Diss is set to keep its Cittaslow status.
The news was announced at a meeting of the tourism leisure and communities committee on Wednesday following a decision by Diss Town Council to give residents three months to form an independent committee or face losing the status for the town.
Diss Community Partnership (DCP), an organisation that works to promote a sense of community and sustainable living in and around Diss, has agreed to take responsibility for Cittaslow.
The role will mean taking over the £1,500 a year subscription fee which Diss Town Council has agreed to pay for a further year to allow the organisation to find their feet, as well as promoting the town as a healthier, greener, happier and slower place to live.
Jacob Eccleston, secretary of DCP, said: “We had quite a long discussion about it and we decided we are prepared to give it a go. It fits in quite well with what Diss Community Partnership does, which is to try and improve the environment and lives of people in Diss.
“We will take it over for the time being and see how it goes and if it goes well and we can afford it we will pay the subscription fee next year.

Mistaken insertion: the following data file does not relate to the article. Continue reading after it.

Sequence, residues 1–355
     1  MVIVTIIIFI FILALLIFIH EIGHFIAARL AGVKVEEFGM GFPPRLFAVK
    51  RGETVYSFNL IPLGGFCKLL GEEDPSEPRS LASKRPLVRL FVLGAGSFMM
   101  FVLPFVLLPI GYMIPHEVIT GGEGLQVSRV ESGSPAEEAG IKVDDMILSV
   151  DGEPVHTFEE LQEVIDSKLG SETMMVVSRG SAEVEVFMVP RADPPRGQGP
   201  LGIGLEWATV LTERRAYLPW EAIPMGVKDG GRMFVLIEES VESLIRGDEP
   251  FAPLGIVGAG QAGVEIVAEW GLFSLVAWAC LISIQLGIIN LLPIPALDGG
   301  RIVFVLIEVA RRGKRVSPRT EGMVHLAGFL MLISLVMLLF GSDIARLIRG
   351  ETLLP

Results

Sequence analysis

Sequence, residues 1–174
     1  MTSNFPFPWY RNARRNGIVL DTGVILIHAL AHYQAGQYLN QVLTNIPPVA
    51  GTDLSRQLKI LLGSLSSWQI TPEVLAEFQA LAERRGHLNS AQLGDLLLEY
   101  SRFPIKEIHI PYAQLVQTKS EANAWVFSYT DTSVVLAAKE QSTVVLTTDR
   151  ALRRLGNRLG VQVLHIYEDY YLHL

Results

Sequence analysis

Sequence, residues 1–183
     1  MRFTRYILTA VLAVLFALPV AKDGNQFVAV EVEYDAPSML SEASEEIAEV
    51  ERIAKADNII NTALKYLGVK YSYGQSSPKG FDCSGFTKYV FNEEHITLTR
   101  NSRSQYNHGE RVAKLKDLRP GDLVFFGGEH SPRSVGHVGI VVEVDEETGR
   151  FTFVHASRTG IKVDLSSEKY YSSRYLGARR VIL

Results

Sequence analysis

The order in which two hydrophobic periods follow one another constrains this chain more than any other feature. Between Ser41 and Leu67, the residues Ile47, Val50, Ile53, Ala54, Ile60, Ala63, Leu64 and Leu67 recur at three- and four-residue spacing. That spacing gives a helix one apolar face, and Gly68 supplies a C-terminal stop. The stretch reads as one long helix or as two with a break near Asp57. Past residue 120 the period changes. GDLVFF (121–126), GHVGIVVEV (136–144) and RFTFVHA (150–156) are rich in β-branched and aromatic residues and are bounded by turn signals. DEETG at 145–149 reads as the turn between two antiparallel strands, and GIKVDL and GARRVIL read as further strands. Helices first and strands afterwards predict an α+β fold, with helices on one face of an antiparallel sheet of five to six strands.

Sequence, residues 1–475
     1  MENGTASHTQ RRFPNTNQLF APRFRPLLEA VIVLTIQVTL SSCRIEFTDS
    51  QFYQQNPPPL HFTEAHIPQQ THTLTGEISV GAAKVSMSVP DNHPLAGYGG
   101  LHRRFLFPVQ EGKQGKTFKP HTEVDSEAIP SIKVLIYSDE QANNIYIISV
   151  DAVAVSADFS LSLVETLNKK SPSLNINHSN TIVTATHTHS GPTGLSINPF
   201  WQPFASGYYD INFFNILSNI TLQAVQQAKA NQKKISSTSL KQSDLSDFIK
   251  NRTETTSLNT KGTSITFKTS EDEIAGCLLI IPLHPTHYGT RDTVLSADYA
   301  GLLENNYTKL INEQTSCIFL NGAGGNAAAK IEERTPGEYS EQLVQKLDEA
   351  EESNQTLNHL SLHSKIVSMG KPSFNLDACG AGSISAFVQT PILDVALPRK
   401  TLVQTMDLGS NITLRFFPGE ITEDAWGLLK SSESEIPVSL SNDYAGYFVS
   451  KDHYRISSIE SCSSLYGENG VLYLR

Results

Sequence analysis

“There’s all sorts of things that are going on in Diss which fits in with the slow food movement and we very much want to work with Diss Town Council where possible.”
Diss town councillor Tony Palmer, who fought to keep the status for the town, arguing that it had attracted at least £200,000 of funding for Diss, approached DCP about taking it over and attended a meeting last week.
He said: “I’m very pleased Diss Community Partnership is going to take it on. They were the organisation that introduced it to the town council in the first place.
“We are all set now to keep it going as a community project, of course with the town council’s support.”
Diss was granted Cittaslow status in 2006 and is one of only five towns in the UK which has been awarded it.
Cittaslow was run by an independent committee when it was originally formed but was absorbed into the town council’s tourism leisure and communities committee.
The council held a special meeting on January 30 where it was decided that they would no longer take responsibility for Cittaslow after many councillors questioned what it does for Diss and whether local people understand what it is.
Speaking after Wednesday’s meeting, town mayor Graham Minshull, said: “It’s a great thing for the town because at the end of the day they will be raising their own subscription and they will be able to bring grants into the town to spend on different projects.
“I just wanted to make sure that they knew what they were taking on and they seem to be able to do it so that’s the main priority.”